Overall, these findings indicate that meth-SemiCancer can enable the DNA methylation cancer datasets without subtype information to be utilized for improving the cancer subtype classification by providing the proper annotation of the subtypes. We also expect that our proposed model will facilitate the in-depth biological findings by supporting the study of methylation signatures to differentiate the subtypes of complex cancer.

One limitation of meth-SemiCancer is that it makes an implicit assumption that the unlabeled datasets used for the pseudo-labeling approach in SSL have been prepared with the correction of the batch effect. In future work, we plan to extend our meth-SemiCancer framework to automatically detect and minimize the batch effects in DNA methylation data during the model training phases.

Availability of data and materials

TCGA methylation datasets are available from GDC Data Portal ( and other methylation samples used in the experiment are available from GEO repository ( with the GEO accession of GSE72251, GSE20712, GSE72245, GSE75067, GSE69914, GSE156968, GSE66695, GSE58999, GSE141441, GSE115413, GSE83917, GSE112047, GSE26126, GSE76938, GSE61441, GSE105260, GSE126441, GSE113501, GSE118970, GSE27130, GSE131013, GSE57342, GSE68060, GSE77954, GSE200647, GSE195684, GSE195640, GSE188547, GSE121722, GSE97466, GSE86961, and GSE72729. meth-SemiCancer is publicly available at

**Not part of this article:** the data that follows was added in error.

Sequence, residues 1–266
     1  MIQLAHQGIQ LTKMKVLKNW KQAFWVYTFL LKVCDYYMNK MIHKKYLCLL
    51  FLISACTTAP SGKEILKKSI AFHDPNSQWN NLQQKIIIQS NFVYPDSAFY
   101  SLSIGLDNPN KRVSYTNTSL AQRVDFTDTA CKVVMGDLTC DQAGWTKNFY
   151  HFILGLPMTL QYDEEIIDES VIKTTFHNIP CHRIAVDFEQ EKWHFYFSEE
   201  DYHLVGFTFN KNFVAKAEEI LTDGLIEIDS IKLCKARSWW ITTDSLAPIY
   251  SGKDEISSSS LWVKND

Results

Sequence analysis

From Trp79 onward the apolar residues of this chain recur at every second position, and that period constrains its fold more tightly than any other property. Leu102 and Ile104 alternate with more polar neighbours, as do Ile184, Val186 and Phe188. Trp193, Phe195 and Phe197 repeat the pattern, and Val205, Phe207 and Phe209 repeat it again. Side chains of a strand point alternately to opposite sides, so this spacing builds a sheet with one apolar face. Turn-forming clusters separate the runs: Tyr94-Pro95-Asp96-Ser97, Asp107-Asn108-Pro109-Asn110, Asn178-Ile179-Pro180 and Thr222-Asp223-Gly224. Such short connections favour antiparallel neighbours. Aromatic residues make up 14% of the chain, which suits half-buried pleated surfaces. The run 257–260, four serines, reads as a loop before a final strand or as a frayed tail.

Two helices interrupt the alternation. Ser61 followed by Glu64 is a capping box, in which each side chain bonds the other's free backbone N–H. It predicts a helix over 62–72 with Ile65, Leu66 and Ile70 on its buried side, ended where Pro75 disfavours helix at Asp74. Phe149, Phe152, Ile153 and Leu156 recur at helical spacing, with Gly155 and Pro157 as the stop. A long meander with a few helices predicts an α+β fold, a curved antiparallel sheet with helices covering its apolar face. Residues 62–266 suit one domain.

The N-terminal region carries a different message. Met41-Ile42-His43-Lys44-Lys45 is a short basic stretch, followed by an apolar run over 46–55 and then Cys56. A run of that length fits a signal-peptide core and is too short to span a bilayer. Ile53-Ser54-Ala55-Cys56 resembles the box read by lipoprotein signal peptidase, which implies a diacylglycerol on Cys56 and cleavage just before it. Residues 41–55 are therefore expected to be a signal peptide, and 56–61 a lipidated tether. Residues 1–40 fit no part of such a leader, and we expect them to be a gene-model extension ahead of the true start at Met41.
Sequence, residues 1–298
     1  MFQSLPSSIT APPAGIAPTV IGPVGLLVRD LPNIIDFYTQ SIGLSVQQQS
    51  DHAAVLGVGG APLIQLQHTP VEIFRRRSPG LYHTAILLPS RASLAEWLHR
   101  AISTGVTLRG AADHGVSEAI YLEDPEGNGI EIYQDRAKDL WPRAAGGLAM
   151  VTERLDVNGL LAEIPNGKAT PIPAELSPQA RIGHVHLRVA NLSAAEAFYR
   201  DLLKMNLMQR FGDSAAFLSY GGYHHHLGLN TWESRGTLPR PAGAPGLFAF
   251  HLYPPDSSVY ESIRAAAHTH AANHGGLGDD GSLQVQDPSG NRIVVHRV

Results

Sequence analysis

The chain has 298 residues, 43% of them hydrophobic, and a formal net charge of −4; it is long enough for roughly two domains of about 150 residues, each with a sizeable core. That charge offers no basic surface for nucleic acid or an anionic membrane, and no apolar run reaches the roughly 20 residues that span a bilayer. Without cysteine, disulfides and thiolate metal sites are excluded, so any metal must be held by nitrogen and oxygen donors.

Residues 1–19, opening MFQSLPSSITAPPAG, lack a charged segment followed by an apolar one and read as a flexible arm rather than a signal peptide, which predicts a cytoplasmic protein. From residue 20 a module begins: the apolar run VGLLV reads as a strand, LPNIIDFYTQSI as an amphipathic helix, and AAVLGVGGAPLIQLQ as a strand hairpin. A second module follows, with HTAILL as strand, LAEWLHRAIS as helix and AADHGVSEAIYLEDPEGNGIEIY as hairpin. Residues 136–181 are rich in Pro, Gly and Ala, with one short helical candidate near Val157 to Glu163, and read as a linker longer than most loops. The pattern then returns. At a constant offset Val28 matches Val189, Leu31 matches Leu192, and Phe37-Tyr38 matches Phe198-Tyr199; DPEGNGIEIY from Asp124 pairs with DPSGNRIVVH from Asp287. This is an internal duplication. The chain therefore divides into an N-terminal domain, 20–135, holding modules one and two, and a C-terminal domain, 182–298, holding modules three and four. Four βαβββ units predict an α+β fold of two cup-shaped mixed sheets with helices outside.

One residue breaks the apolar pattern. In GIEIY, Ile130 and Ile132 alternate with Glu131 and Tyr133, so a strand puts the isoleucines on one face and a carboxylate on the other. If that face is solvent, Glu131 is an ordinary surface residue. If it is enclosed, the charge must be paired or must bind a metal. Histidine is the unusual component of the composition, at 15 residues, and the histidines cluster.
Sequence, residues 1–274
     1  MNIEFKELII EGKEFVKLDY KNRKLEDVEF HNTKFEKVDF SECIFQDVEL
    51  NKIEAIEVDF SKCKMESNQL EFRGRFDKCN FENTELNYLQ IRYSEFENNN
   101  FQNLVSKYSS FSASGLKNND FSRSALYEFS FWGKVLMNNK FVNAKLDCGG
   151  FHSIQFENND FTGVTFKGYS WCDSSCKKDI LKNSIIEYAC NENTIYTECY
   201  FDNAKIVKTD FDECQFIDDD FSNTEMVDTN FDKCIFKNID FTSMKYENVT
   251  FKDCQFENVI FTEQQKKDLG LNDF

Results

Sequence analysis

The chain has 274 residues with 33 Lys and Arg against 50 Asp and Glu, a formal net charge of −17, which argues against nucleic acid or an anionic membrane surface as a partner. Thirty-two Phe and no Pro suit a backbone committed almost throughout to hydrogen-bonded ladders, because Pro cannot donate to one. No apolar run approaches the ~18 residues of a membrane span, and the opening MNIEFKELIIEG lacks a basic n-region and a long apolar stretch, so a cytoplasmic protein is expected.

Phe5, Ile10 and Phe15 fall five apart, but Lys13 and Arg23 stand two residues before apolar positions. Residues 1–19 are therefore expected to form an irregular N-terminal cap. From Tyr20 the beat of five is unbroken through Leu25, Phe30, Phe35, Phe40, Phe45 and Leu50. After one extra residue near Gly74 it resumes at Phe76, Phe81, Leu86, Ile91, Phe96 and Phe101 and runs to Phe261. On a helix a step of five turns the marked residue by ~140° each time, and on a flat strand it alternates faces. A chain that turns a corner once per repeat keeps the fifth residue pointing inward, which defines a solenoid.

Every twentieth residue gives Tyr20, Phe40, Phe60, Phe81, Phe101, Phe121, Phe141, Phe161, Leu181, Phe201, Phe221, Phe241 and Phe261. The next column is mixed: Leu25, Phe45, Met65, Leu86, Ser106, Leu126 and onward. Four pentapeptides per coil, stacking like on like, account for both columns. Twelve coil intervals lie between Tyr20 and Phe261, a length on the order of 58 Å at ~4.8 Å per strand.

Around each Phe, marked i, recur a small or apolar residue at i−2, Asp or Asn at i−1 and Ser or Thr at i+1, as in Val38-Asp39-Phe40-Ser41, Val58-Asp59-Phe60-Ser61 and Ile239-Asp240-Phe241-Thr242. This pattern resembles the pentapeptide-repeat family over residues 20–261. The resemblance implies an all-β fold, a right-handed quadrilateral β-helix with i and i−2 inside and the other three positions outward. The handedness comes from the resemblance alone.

Semi-supervised learning


Single cell RNA-sequencing


Machine learning


Breast invasive carcinoma


Colon adenocarcinoma


Glioblastoma multiforme


Prostate adenocarcinoma


Renal cell carcinoma


Thyroid carcinoma


Gene expression omnibus






Adaptive moment estimation


Support vector machine with rbf kernel


Random forest


K-nearest neighbors


Naive Bayes


Decision tree


Matthews correlation coefficient


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This work was supported by the National Research Foundation of Korea(NRF) grant funded by the Korea government(MSIT) (No. 2021R1F1A1050707) and by the Bio & Medical Technology Development Program of the National Research Foundation (NRF) funded by the Korean government (MSIT) (2019M3E5D3073365).

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Authors and Affiliations



HJ supervised the project and provided the advice on the method design; JM and CL designed the model, and drafted the manuscript; JM and CL implemented the model and performed the experiments; All authors read and approved the final manuscript.